Presently urban ASHA is a potentially valuable but an unstable cadre. Her roles as an incentivized worker need to be defined, training norms to be refined and an improved eco system for her support to be revised. Furthermore, suitability of urban ASHA as a TB functionary and expected roles need more clarity. TB related knowledge gaps pointed in this study need to be addressed through comprehensive TB training of appropriate duration and supportive supervision.Media coverage of the dissemination of project findings held on 24th January 2023 in Mumbai.
Dr. Nerges Mistry
Dr. Shilpa Karvande
District Health Office of Palghar and Public Health Department, Government of Maharashtra a) Review of the training material of the project b) Active involvement in terms of providing health officials and health providers of various cadres to work as local master trainers in this project
Ms. Vidula Purohit, Mr. Prashant Kulkarni, Mr. Rajendra Kale
H.T. Parekh Foundation of HDFC Ltd.
September 2019- March 2022
INR 150 Lakhs
Maternal and newborn health (MNH) was considered as a window for the training intervention project in Palghar. The objective was to generate a local resource of trainers and through them, build the capacities of community health providers for the provision of MNH and nutrition services. It involved training various cadres of a primary health system, nutrition-sensitive intervention focusing on the first 1000 days and context-specific subjects such as anaemia, management of low birth weight babies. The Sister Foundation for Research in Community Health (FRCH) conducted a pilot project in Pune during 2016-19 to build capacities and competencies of Auxiliary Nurse Midwives (ANMs) in MNH. The trainers of this pilot project were utilized as core trainers to train local master trainers in Palghar. A team of clinical experts from the UK and Nutrition Society of India (NSI), Mumbai Chapter, provided technical inputs for the development/ adaptation of the training material and conducting the training of trainers in Palghar.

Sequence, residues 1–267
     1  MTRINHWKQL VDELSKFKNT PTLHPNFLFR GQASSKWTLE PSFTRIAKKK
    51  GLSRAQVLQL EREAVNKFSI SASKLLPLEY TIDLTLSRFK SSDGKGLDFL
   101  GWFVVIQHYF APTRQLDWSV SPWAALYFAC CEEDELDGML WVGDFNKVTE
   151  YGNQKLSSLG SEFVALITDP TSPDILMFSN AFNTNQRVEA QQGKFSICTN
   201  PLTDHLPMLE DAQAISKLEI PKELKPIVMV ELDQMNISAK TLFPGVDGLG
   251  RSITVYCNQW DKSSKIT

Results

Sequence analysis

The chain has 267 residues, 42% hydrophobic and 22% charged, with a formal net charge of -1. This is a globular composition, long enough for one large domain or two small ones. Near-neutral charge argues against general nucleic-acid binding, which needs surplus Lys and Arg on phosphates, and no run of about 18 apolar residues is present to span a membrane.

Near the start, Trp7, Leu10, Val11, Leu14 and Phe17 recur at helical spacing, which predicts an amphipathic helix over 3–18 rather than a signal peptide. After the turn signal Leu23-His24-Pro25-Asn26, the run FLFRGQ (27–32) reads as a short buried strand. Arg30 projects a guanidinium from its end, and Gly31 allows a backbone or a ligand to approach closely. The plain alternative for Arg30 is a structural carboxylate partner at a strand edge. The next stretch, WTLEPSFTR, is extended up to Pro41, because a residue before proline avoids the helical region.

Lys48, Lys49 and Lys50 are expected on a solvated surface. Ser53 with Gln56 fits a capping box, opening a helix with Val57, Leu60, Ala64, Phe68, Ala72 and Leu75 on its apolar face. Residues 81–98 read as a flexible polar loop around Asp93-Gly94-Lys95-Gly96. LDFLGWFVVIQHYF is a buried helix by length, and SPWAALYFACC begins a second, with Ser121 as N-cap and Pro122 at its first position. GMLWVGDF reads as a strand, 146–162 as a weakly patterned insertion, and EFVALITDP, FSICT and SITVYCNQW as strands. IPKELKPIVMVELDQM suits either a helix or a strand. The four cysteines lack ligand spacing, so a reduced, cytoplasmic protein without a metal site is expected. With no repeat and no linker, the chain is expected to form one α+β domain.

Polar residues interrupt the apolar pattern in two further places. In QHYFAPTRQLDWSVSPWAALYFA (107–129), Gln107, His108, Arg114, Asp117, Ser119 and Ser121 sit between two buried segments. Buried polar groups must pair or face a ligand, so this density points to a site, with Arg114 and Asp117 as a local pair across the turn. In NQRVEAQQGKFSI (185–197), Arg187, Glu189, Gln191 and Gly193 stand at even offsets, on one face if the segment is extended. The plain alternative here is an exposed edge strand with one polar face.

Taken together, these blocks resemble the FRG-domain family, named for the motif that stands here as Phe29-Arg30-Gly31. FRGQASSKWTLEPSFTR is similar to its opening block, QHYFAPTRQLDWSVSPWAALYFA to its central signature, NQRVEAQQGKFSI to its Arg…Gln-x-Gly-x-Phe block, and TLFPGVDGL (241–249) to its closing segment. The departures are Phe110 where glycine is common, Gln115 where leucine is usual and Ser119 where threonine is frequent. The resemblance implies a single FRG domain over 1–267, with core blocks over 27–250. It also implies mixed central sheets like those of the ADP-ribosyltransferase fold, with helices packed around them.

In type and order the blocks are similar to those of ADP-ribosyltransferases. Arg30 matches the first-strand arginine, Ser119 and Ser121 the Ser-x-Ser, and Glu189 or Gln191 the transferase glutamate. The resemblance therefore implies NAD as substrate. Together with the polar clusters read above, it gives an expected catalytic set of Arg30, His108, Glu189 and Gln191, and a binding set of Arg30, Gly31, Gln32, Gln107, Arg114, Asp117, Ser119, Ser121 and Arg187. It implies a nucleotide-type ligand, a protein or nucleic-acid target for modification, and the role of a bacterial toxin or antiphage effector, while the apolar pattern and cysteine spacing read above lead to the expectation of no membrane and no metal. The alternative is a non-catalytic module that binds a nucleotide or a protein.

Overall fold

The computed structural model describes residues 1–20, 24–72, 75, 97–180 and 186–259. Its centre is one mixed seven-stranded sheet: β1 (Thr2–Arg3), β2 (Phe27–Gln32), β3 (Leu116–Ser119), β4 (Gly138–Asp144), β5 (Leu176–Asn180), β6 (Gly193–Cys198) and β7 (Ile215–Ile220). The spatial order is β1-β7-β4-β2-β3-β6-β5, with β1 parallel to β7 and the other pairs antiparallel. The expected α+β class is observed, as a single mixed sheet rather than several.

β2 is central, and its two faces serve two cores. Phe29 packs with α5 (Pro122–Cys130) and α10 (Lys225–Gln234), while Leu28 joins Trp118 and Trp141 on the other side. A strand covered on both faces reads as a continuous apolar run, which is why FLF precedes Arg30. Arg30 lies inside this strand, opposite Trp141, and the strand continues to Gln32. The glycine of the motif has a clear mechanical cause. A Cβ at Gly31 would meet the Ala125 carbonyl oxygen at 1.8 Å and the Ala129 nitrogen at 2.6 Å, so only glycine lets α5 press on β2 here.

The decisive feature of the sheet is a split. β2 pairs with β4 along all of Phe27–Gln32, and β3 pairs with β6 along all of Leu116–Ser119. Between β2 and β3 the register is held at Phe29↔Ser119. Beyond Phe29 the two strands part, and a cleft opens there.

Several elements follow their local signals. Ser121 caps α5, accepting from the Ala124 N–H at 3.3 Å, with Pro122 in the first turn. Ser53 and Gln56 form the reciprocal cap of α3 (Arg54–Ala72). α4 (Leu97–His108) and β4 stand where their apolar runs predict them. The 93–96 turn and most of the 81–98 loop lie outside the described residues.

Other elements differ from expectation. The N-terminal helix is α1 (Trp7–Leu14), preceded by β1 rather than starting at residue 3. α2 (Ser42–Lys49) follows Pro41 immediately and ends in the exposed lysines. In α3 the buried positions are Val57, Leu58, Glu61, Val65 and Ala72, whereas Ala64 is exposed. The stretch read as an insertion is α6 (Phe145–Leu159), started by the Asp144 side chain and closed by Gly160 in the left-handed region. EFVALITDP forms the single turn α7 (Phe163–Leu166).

The process of developing local resource of trainers (n=32) involved assessment of potential candidates, training of trainers, continuous hand-holding and frequent sessions of quality assessments using face-to-face and virtual platforms. Their teaching and pedagogical skills were equally emphasized as their clinical knowledge and skills throughout the project training activities for training 500 plus health providers. Use of mannequin for demonstration of clinical skills, a reverse demonstration by every participant, case-based learning, the mix of various cadres in every training batch, de-centralized and convenient training venue were some of the key features of all the training activities. Subsequent use of the Extension for Community Healthcare Outcomes (ECHO) virtual platform helped the participants to refresh their knowledge and served as an opportunity to nurture the culture of sharing, appreciation and constructive feedback. Self-learning strategies- writing articles in a biannual newsletter- ‘Dialogue’ and learning through and skills mall complemented the formal directed learning.
Key recommendations are a) the need for creating avenues for refresher training in pre- and in-service education b) development and institutionalization of strategies for nurturing sustainable resource for competent trainers in the public health system and c) extension of project learning to other crucial subjects of comprehensive primary health care such as maternal mental health.